Sunday, May 14, 2017

Let 'Em In

I like to listen to music when I am painting.  Lately, I have been enjoying listening to the best of the Beatles after they were done being the Beatles. I have compiled the four "Best of..." cd's of John, Paul, George and Ringo. These four musicians really are amazing. Amazing as individuals, but what strikes me is the consistency of message from the years of being the Beatles. There is the usual stereotyping that John has the heavy political message, Paul sings about love, George is spiritual and Ringo is, well,... just Ringo. But that is not the case when you listen to their music. Even after breaking up, the four of them continued singing about love, community, togetherness, forgiveness, and the positive possibility of what could be.

Yes, I am aging.  I am in my fifties and am a Beatles fan. I am of my era, and I am at a stage in life where I am questioning my experience so far. There is much talk about the Woodstock generation (a little older than me) and a general sense that they "sold out" -  gave up on their idealism as they aged. Some say they did even more, that they undermined their own revolution.

I'm not sure my generation had ideals. We came of age in the disco/cocaine sniffing/clubbing days of the late seventies and early eighties - not that I or most people in the country had that experience.  That apparently was what was happening in all the cultural hotspots on the coasts. Not a world full of ideals - hedonism was the theme of the day. At the time, I was too shy and fearful of life to notice what it all really meant. But I do know that our culture has not had spokespeople like the Beatles since their loss. When I hear current cultural stars talking with a communal perspective it seems canned, groomed to be acceptable instead of being an antithesis to the larger culture (I will acknowledge Ani DeFranco here as being way cool). They are not in-your-face with their entire being. The Beatles started as nice boys wearing suits and singing about love. Eventually, they became these guys who grew their hair long, wore outrageous clothing, talked tongue in cheek about their fame, sang about a backward social order and insisted on having their experience on their own terms. To see them, you could tell they were an antithesis to the larger culture. But this was the pre-glam era, it was a little easier to be noticed for wearing outrageous clothing.

I think about meaning, as an artist. Am I simply making paintings for an audience or am I painting in a manner that reflects and encourages our society? I was given advice many years ago by a painting instructor: landscapes sell. Of course, I refused to paint landscapes. Instead I painted about mass-murderers, riots and missing body parts - in the guise of landscapes. Nothing sold. Hmm.

Then I painted about oppression and the holiness of life. Nothing sold.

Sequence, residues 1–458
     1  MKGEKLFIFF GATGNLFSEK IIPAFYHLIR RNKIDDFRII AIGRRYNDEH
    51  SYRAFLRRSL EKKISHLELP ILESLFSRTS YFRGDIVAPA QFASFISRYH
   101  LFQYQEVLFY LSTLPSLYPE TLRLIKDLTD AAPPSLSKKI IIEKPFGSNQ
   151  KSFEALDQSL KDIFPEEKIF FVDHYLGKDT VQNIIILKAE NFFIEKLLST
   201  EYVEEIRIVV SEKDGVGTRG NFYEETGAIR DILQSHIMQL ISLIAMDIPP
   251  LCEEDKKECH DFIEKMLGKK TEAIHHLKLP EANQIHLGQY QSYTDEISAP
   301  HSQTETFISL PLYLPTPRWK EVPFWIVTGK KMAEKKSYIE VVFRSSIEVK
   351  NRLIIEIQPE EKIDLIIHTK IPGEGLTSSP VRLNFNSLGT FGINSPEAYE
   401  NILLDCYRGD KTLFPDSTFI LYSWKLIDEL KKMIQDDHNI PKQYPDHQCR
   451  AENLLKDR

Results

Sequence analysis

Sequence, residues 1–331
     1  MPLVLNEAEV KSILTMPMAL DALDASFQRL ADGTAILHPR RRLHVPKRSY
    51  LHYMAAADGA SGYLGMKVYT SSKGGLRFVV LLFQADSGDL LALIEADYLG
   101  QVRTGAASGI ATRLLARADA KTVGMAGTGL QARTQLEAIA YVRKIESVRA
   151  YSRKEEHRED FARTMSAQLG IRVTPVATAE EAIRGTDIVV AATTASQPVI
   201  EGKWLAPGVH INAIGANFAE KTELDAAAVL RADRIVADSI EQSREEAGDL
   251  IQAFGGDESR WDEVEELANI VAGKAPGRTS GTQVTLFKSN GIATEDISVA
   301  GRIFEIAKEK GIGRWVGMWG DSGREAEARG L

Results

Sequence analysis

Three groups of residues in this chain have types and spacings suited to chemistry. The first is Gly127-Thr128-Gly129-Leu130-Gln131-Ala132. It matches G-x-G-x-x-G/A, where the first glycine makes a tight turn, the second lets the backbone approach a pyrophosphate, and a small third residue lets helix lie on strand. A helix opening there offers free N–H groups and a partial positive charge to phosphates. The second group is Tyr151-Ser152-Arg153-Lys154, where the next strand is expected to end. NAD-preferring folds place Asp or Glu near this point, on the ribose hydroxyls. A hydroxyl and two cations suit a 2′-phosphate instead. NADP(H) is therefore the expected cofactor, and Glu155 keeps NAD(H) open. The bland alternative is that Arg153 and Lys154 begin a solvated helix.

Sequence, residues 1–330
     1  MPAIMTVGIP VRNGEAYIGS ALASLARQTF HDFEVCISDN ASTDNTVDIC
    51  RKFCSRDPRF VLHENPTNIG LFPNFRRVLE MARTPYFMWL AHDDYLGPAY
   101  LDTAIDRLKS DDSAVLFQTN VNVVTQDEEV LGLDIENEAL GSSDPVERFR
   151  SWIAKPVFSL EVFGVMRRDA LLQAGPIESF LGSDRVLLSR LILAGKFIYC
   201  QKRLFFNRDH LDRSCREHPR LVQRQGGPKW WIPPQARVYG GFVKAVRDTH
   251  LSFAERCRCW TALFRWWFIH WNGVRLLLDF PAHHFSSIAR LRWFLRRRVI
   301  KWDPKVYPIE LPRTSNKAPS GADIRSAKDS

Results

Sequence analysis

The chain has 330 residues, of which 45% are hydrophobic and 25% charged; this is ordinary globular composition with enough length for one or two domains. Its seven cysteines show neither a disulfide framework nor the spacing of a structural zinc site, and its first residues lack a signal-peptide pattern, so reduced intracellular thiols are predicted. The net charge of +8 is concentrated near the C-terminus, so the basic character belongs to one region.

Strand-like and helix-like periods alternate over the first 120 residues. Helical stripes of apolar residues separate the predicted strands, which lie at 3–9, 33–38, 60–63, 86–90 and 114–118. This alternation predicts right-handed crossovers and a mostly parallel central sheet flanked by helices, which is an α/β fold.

Then I talked about "The Land" by making artwork with objects from nature. Nothing sold.
Then I started painting botanicals.  I sold a handful and then nothing.
Then I started painting about food. Nothing sold.
Recently, I've been painting landscapes.  They've been selling. Who knew?

I do not worry if I am "selling out" for making landscapes.  I am painting about the experience I have in nature, in particular in Northern Minnesota. To me, it is related to love.  It is something that touches my soul, like a waking dream - Ah! böwakawa poussé, poussé. More than anywhere else, the North is where I have sat back and thought there is no where else in the world I would rather be. There is no time, days are meaningless. Anger is futile - it solves nothing! Love is all around. Not romantic love, although sometimes that is there, but love of all that is. Perhaps it is more aptly described as oneness. There is no contention, no division, no competition. Problems simply become annoyances, annoyances become a puzzle to solve or a fleeting moment to be ignored. Healing outweighs hurt. A broken heart gets to beat uninterrupted. The past is not released, but becomes the foundation on which all the good of the day grows. Breathing, itself, becomes a meditation.

My quest is to hold this perspective in my mind when I am in the City, when I am in the midst of my daily life. My vehicle is my art and the contemplation associated with this task. The Beatles help me hold this perspective with their music and with who they were. The following are excerpts from some of their songs I find particularly helpful. A year long meditation could be done on the first line of John's lyrics below. How would it change your life to come to truly know that "love is the answer and you know that for sure?"

John Lennon - Mind Games
"Love is the answer and you know that for sure.
Yes, is the answer, and you know that for sure.
Yes, is surrender, you gotta let it go."

Ringo Starr - Fading In and Fading Out
"Tell me, why we're here?
All we really need is love
And when I disappear
I pray that I have left enough

Fading in, fading out, isn't that what life's about?
First you're here, then you're gone
Still the world goes on and on."

George Harrison - Isn't It a Pity
Isn't it a pity
Now, isn't it a shame
How we break each other's hearts
And cause each other pain
How we take each other's love
Without thinking anymore
Forgetting to give back
Isn't it a pity

Some things take so long
But how do I explain
When not too many people
Can see we're all the same
And because of all their tears
Their eyes can't hope to see
The beauty that surrounds them
Isn't it a pity

Paul McCartney - Let 'Em In
"Someone's knockin' at the door
Somebody's ringin' the bell
Do me a favor
Open the door and let 'em in."

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